Autism and Schools, Post
Autism and Schools
Autism and Schools concern parents and teachers and how children with a Level 1 diagnosis are taught. While the DSM-V removed Asperger’s Syndrome as a separate diagnosis, it includes it on the Autism Spectrum. It replaces Asperger’s with the name, Level 1 Autism, but the diagnostic descriptors are the same.
Link on this site that discusses the who and how of this diagnosis: Autism Level 1, Post
For a diagnosis, the DSM-IV states:
“severe and sustained impairment in social interaction, and the development of restricted, repetitive patterns of behaviour, interests and activities that must cause clinically significant impairment in social, occupational or other important areas of functioning.”
Level 1 Autism is obvious: All of the descriptors need to be present for a diagnosis to be made. In their mildest forms, these impairments still require support in the classroom.
Any teacher will recognise quite quickly “severe and sustained impairment” in “communication, repetitive behaviour and restricted interests”. But it is not for teachers to suggest to parents that this might be the diagnosis that should be made. Teachers are not doing that and refer a child to a psychologist. On the other hand, no parent would need to tell another person that their child has a Level 1 diagnosis. Autism is plain to see.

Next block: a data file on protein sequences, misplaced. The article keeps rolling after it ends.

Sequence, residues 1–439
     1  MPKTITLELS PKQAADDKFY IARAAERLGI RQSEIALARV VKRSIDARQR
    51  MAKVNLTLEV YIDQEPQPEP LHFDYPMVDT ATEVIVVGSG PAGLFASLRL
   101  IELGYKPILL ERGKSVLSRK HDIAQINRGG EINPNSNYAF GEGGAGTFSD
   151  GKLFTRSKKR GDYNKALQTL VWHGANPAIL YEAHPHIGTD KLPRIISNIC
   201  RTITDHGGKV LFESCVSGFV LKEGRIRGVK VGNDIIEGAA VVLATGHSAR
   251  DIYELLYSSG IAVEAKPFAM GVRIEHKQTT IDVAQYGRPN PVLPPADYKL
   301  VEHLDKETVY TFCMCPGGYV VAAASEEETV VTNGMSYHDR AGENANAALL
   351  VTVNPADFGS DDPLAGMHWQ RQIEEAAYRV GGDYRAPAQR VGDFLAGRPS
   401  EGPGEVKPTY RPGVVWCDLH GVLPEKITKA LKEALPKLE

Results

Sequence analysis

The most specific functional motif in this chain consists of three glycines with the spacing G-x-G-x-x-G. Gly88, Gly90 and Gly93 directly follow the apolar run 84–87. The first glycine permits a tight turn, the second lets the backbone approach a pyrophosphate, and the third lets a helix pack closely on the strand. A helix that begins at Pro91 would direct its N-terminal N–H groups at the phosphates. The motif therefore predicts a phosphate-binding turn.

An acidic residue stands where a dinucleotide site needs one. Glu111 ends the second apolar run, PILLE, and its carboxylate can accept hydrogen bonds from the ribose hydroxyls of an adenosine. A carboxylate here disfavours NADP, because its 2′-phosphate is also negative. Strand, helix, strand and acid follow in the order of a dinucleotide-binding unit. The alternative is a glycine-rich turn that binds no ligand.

Reasons some parents want an autism diagnosis: While there is greater awareness today than in previous decades, it does not allay fear in professional circles that there is a situation of over-diagnosis. Many parents of struggling children want a diagnosis such as this to get extra help for their child in the classroom which would not be available without it. And yet it defies logic that with the descriptors above, anyone could possibly miss a person walking in our midst or a child in the classroom who is on the spectrum.
Worksheets on this site may help children on the spectrum. If your child is not responding as well to educational programmes at school, try these literacy packages to improve literacy on a one-to-one basis. The format from one package to another is predictable and tasks are numbered. This standardised layout may help these children.